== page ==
Are you graduating soon but don’t know where to start with your design portfolio? We’ve all been there, so here are our tips for creating a solid showcase of your work that will help you land that junior designer role.
Quality over quantity
Firstly, be ruthless with what you include. Your portfolio should be a curated showcase of your best work, so select only your strongest pieces. A less impressive project from your first year in university could reduce the overall quality of your portfolio.
Employers looking to hire a Junior Designer will understand that most graduates do not have a huge swathe of work under their belt. If you feel your portfolio needs more high-quality work, don’t be afraid to start a personal project as a portfolio piece. Remember it’s about quality, not quantity.
Showcase your skills
If you do have a large number of projects for inclusion, try to keep it to one project per discipline to showcase your different skills, i.e. one animation project, one packaging project… etc. This won’t apply if you’re looking to specialise straight away, such as pursuing a career in motion design. In this case, definitely curate your portfolio to include projects that are relevant to the job you want.
Proofread... and then proofread again!
There’s nothing more off-putting in a CV or portfolio than grammar or spelling mistakes – not every creative has excellent skills in this area, but a word processor or a friend can check this for you. Failing to proofread and missing spelling mistakes shows a lack of care and attention to detail.
Show your process
As creatives, we’re interested in the journey to the end result. We want to see your ideas and thought processes that show how you arrived at your final design. Whether this is a short explanation of your concept or a mood board of ideas, it’s always helpful to know what we’re looking at and how you got there. Focus on the creative reasoning behind design choices, rather than simply describing what's in front of you. When you land an interview, bring your notes/sketchbook - we love to see the behind-the-scenes of a project.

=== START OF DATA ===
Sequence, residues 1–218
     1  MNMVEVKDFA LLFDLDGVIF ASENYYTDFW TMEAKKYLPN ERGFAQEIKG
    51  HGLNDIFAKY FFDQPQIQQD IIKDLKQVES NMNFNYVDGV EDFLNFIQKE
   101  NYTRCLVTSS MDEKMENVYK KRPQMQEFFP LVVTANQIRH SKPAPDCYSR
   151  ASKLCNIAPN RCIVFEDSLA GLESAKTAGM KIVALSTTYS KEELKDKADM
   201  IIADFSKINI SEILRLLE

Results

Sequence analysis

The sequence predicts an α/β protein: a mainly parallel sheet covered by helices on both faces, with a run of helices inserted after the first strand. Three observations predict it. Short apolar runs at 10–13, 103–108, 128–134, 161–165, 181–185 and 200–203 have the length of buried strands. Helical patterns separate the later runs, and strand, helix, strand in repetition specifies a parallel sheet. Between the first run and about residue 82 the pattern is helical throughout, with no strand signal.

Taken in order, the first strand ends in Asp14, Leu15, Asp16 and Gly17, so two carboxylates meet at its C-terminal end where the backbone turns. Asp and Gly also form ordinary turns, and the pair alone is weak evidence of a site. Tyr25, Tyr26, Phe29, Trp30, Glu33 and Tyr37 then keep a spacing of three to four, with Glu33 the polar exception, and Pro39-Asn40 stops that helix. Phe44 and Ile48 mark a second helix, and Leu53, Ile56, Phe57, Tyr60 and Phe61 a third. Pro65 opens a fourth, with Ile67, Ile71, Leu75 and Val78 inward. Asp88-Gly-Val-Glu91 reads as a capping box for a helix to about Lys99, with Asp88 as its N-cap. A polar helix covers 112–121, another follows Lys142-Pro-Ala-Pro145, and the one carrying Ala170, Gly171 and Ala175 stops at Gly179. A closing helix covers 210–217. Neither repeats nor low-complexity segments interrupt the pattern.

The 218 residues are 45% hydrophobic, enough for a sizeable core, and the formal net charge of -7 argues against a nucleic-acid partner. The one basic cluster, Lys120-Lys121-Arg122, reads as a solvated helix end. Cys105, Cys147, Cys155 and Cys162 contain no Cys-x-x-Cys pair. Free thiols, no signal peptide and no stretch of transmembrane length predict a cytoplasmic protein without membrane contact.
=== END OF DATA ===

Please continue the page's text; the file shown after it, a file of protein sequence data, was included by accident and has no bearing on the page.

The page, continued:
If you include a group project in your portfolio, be clear about which parts you contributed to. As a junior designer, being able to work as part of a team is a valuable skill for employers, so be honest. Employers will see through you claiming that the group project was a solo project, especially if they receive applications from other contributors to the group project (eek!).
Less is more
It might be tempting to try to make your portfolio stand out from the crowd by adding design elements and an overly complex website, but don’t do this! Your portfolio doesn’t need bells and whistles – let the work speak for itself. Employers are busy people, so you should make it as easy for us to view your work as possible.
Ask for feedback
Keep an eye out for any portfolio review opportunities – Creative Lives in Progress
do this regularly over zoom for different specialities within the creative industry. If you don’t come across any opportunities, why not be proactive and send your portfolio to some local studios for feedback – the worst they can say is no!
On that note, feel free to send your portfolio our way
and we will do our best to get back to you when we can with some feedback and answer any questions you may have.
Good luck, we can’t wait to see your work!